The apparatus and process of the present invention does not rely upon the use of steam or water as a hydrocarbon feedstock atomization medium and judiciously employs a mechanically atomizing nozzle in connection with a plug valve. The apparatus and process of the present invention incorporating an atomizing nozzle permits the degree of atomization to be precisely controlled by varying the pressure gradient across the nozzle while concomitantly controlling the flow of fluidizable cracking catalyst to be admixed with the atomized feedstock to a riser reactor. Further, even if an atomization medium such as steam is employed, the atomizing nozzle serves to reinstitute an atomized flow regime if the detrimental slug flow regime has been established, prior to introduction of the feedstock into the riser reactor.

Accordingly, the present invention relates to an apparatus and process for effecting the immediate and intimate mixing between fluidizable cracking catalyst and a fluid hydrocarbon feedstock in a riser reactor.

In one embodiment the invention apparatus comprises a riser reactor situated in a chamber containing cracking catalyst with a hollow stem plug valve in axial alignment with the upstream access opening of the riser reactor. The plug valve comprises a generally hollow tubular plug stem with a hollow plug secured thereto. The plug is engageable with the riser reactor access opening and movable in a reciprocating fashion to permit and control the flow of fluidizable cracking catalyst to the riser reactor. The plug valve has a nozzle means fixedly attached at the downstream end of the plug valve which serves to atomize fluid feedstock to the riser reactor passed through the plug valve.

In another embodiment the invention apparatus comprises a riser reactor situated in a chamber containing cracking catalyst having a stationary feed tube extending into the upstream access opening of the riser reactor. The feed tube has a nozzle means fixedly attached which serves to atomize fluid charge stock injected into the riser reactor. The apparatus further comprises a plug valve having a generally upright tubular valve stem positioned concentrically and externally around a portion of the feed tube with a hollow plug secured to the valve stem. The plug valve is movable in a reciprocating fashion from a closed position for blocking the riser reactor access opening to an open position for permitting and controlling the flow of fluidizable cracking catalyst through the access opening into the riser reactor in order to mix with the fluid feedstock atomized by the above-mentioned nozzle. The degree of atomization is controlled by varying the pressure drop across the nozzle or the nozzle design.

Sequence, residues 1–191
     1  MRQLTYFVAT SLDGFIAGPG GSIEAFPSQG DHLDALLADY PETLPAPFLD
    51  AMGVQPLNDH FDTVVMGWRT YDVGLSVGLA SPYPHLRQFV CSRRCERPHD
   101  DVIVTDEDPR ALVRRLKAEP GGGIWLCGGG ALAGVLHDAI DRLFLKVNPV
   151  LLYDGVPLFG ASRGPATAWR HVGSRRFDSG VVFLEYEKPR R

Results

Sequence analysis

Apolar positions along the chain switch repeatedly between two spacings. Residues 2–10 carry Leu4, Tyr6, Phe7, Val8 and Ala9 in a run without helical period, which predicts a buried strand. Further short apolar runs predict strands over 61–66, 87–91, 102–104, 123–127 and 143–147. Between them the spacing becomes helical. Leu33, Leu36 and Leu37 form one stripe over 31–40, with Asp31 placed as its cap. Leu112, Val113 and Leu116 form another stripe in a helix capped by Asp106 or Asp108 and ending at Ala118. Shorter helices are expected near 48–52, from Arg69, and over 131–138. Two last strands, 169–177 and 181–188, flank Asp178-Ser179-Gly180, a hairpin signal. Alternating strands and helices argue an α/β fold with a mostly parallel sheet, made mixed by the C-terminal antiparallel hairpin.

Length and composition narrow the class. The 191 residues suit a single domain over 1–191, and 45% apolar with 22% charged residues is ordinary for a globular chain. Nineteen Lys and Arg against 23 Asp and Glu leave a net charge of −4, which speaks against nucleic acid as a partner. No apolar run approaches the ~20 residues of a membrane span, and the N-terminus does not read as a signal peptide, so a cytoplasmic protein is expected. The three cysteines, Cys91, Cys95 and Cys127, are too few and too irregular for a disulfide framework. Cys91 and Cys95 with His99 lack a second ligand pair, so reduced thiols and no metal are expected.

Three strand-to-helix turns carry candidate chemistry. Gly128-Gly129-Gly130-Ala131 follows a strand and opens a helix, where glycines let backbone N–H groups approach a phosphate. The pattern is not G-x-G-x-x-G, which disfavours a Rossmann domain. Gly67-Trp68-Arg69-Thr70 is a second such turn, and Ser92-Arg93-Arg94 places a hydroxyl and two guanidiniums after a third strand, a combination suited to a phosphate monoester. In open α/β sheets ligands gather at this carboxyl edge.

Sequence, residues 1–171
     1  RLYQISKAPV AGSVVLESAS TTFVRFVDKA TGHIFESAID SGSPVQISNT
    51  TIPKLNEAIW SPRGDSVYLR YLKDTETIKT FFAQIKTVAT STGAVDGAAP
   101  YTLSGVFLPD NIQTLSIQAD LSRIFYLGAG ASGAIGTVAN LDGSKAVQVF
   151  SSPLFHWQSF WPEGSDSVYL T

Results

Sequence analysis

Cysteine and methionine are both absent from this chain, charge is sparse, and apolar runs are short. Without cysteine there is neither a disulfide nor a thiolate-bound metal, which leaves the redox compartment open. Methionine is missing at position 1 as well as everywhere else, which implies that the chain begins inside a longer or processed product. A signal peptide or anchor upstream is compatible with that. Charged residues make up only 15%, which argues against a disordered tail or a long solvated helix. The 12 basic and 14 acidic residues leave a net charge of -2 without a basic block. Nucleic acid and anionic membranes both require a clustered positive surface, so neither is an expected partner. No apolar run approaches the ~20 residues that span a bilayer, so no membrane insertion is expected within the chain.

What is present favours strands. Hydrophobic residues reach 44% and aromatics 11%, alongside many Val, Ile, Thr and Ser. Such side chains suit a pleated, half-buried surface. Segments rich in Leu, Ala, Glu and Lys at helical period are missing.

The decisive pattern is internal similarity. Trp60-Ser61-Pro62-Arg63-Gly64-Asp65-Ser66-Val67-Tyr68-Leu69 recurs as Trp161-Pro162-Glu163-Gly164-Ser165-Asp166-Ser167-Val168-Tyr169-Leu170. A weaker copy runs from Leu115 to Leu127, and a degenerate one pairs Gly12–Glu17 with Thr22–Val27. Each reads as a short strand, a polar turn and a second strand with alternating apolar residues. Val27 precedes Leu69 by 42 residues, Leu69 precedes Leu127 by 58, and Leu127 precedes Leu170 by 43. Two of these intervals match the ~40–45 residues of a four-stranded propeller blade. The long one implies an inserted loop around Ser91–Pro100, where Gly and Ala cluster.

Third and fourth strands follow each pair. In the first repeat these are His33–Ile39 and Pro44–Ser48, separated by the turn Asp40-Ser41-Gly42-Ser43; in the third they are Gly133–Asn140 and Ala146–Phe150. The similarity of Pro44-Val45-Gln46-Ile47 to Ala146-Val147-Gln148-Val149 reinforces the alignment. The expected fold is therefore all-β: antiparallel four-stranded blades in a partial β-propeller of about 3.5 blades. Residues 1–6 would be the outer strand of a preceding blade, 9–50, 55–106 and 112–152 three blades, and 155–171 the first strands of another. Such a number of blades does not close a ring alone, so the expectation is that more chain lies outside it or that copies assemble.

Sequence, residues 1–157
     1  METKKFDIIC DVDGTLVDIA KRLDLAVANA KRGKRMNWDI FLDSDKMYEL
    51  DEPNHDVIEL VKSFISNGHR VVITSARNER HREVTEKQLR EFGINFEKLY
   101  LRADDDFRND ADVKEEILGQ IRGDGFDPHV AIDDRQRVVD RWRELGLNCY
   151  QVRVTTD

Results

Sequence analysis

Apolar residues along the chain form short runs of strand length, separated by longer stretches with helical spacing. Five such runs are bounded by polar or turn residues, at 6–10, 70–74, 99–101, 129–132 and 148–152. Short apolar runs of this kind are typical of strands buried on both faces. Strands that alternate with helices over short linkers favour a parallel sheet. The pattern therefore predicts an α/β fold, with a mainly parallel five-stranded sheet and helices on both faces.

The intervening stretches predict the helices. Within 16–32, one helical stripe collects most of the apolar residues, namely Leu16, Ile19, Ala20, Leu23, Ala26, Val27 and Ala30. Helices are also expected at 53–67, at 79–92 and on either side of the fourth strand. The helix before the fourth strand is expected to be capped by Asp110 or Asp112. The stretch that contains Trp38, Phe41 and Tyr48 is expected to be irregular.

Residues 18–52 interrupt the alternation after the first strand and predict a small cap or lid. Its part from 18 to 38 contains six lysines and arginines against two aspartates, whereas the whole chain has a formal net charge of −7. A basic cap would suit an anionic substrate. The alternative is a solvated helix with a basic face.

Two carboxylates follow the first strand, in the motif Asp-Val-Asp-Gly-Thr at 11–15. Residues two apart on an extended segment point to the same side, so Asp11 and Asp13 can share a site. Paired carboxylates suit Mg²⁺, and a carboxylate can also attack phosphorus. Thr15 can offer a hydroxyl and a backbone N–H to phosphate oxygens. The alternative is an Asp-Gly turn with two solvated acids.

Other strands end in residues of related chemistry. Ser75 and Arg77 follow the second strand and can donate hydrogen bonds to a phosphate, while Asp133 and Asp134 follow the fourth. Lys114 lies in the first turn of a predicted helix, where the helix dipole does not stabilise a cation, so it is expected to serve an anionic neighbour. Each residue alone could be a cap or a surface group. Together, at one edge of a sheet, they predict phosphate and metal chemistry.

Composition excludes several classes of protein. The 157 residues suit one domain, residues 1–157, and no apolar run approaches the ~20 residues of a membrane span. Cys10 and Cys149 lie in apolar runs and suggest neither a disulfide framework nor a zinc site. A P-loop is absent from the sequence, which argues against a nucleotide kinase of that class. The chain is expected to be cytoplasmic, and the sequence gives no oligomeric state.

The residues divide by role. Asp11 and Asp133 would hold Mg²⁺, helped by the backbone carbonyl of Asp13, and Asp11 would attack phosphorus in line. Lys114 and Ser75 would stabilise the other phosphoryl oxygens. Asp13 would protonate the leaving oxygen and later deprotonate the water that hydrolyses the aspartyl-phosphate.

In yet another embodiment, the present invention relates to a process for immediately and intimately mixing a fluidizable cracking catalyst with a fluid hydrocarbon in a riser reactor situated within a chamber containing the cracking catalyst. Specifically, the fluid hydrocarbon feedstock is passed through a hollow plug valve having a hollow plug secured thereto which is engageable with the access opening to the riser reactor. The plug valve is retracted from the access opening and moved in a reciprocating fashion to permit and control the flow of cracking catalyst to the riser reactor from the chamber. The fluid hydrocarbon is atomized by a nozzle means secured to the plug valve upon entering the upstream end of the riser reactor. The atomized feedstock entering the riser reactor draws or aspirates the cracking catalyst into the riser reactor, thereby mixing with the catalyst in the riser reactor.

The invention can best be understood by reference to the drawings. FIG. 2 illustrates a portion of a regenerator having a riser reactor disposed therein in a similar configuration as the entire FCC unit depicted in FIG. 1.

Specifically, hydrocarbon feedstock enters conduit 11, which is in open communcation with plug stem tube 8, and passes upwards through plug stem tub 8. Plug stem tube 8 protrudes into riser reactor 2 at its upstream access opening. Plug stem tube 8 is attached to actuating means 10 at its lower end via spider 9 and plug stem rod 13. Actuating means 10 serves to downwardly retract plug 6 from the upstream access opening to riser reactor 2 in order to admit fluidizable catalyst particulates from bed 5 located in regenerator 1. The actuating means may be driven by pneumatic, electrical, hydraulic, or other motor control means. As plug 6 is withdrawn from the riser reactor upstream access opening, fluidizable cracking catalyst particulates are aspirated into riser reactor 2 by the flow of hydrocarbon into riser reactor 2. Plug 6 has nozzle means 12 fixedly attached thereto which serves to mechanically atomize the hydrocarbon feedstock passed to the riser reactor.

The plug valve comprising plug stem tube 8 and hollow plug 6 and nozzle means 12 serve to inject and atomize hydrocarbon feedstock and optionally an atomization medium into riser reactor 2 while concomitantly controlling the flow of cracking catalyst to the riser reactor.